Spray pattern tests should be conducted to determine the optimum location of nozzles along the boom and the spray droplet size categories following initial setup. Spray boom shape should be airfoil or streamline to reduce turbulence around the nozzles. Catalogs from nozzle manufacturers list types and sizes for aircraft. A check valve is necessary on each nozzle to prevent leakage. Spray nozzles type, size and orientation, operating pressure, and wind shear (aircraft speed) all influence spray droplet size. Small droplet sizes are prone to drift from the application site, so the largest droplet size possible that will maintain the desired efficacy on the targeted plant should be used. Pressure at the spray nozzle should be between 20 and 60 psi. Research has shown that low spray pressures and high aircraft speed can increase the percentage of spray droplets that have a propensity to drift. All nozzles produce a range in droplet size particles and manufacturers usually rate their nozzles with a volume median diameter droplet size (DV0.5). The percentage of spray droplets less than 100 μm (DV0.1) is an indication of potential drift. Considerable research has been conducted to determine droplet sizes under actual airspeed conditions. ASAE Standards and predictive models are available.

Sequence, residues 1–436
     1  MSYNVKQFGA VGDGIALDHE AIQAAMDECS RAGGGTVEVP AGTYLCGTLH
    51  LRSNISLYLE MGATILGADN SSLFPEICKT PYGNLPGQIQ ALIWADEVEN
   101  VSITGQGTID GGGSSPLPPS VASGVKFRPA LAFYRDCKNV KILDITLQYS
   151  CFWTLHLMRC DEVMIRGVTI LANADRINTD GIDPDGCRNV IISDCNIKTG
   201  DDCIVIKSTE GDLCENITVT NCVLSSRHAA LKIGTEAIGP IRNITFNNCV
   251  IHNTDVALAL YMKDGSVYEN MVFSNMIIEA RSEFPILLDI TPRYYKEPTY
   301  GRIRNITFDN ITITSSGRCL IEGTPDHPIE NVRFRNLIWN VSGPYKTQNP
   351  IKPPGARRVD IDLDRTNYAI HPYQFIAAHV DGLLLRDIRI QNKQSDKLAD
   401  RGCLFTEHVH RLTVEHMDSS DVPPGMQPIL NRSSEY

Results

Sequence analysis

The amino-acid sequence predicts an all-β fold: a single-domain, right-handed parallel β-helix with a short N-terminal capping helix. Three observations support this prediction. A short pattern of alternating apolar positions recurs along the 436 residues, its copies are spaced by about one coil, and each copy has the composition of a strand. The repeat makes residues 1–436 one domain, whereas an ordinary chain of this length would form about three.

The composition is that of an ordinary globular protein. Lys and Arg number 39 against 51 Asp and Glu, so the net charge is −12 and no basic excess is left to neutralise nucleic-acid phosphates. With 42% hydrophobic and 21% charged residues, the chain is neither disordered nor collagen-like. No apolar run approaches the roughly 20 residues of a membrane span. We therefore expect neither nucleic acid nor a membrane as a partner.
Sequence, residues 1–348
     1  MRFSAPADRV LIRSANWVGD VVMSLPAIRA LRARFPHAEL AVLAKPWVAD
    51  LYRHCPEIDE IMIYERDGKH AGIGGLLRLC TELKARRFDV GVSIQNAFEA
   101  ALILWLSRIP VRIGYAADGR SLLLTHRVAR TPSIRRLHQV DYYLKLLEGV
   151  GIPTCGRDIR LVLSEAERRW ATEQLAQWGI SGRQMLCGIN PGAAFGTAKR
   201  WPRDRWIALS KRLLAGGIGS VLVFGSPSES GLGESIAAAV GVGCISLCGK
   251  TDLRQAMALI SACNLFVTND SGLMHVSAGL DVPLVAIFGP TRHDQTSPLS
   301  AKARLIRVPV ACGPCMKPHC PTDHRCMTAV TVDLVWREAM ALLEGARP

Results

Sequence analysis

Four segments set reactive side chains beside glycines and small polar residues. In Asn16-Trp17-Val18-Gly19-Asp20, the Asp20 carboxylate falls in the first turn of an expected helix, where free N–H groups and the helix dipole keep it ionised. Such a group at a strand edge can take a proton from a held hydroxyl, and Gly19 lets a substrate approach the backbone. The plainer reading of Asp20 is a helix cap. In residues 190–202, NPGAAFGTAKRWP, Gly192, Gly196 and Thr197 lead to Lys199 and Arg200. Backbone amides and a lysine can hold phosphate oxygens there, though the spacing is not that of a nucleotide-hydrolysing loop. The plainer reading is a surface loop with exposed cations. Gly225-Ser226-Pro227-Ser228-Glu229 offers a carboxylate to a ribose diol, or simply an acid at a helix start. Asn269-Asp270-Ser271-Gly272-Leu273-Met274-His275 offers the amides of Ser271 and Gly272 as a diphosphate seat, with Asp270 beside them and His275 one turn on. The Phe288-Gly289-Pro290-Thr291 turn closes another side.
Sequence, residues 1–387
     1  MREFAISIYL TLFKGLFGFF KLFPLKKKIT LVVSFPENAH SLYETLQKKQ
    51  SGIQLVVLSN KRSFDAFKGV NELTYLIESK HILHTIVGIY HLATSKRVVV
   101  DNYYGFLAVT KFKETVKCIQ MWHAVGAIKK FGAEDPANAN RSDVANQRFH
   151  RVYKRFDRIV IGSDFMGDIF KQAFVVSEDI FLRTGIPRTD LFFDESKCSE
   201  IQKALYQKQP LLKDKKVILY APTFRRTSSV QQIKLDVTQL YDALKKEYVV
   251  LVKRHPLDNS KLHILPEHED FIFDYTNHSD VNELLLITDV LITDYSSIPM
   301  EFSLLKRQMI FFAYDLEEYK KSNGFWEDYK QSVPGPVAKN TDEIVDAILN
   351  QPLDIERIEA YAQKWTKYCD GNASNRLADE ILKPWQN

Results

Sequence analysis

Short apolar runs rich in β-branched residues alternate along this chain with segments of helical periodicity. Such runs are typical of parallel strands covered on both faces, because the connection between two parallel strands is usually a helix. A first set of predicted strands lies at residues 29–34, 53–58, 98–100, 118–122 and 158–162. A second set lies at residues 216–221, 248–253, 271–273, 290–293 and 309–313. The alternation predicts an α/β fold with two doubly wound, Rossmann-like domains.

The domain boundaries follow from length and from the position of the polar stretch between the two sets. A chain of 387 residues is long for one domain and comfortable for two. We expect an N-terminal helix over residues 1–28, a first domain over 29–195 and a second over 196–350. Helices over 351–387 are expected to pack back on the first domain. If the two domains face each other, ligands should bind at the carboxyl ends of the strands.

References / Additional Information
ASABE Standards. 2020. ASAE S572.1 Droplet size classification. Joseph, MI: ASABE.
ASAE Standards. 2003. ASAW S-572. Spray tip classification by droplet size. Joseph, MI: ASAE
Kirk, I.W. 2001. Droplet spectra classification for fixed-wing aircraft spray nozzles. Paper 01-1082. Joseph, MI: ASAE.
Kirk, I.W. 2002. Measurement and prediction of helicopter spray nozzle atomization. Transactions of the ASAE. 45(1): 27-37.